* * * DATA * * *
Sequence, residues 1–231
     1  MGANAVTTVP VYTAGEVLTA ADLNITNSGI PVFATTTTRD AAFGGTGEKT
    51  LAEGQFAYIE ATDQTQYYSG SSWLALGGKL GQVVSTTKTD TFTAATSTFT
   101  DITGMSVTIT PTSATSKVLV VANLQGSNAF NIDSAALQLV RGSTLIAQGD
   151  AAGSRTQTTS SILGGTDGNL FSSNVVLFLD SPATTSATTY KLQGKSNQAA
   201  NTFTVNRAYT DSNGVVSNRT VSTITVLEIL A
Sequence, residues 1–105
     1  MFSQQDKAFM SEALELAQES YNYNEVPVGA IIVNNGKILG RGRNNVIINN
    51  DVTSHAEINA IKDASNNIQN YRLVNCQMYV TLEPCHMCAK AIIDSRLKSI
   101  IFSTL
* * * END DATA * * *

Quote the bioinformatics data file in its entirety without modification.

Sequence, residues 1–231
     1  MGANAVTTVP VYTAGEVLTA ADLNITNSGI PVFATTTTRD AAFGGTGEKT
    51  LAEGQFAYIE ATDQTQYYSG SSWLALGGKL GQVVSTTKTD TFTAATSTFT
   101  DITGMSVTIT PTSATSKVLV VANLQGSNAF NIDSAALQLV RGSTLIAQGD
   151  AAGSRTQTTS SILGGTDGNL FSSNVVLFLD SPATTSATTY KLQGKSNQAA
   201  NTFTVNRAYT DSNGVVSNRT VSTITVLEIL A
Sequence, residues 1–105
     1  MFSQQDKAFM SEALELAQES YNYNEVPVGA IIVNNGKILG RGRNNVIINN
    51  DVTSHAEINA IKDASNNIQN YRLVNCQMYV TLEPCHMCAK AIIDSRLKSI
   101  IFSTL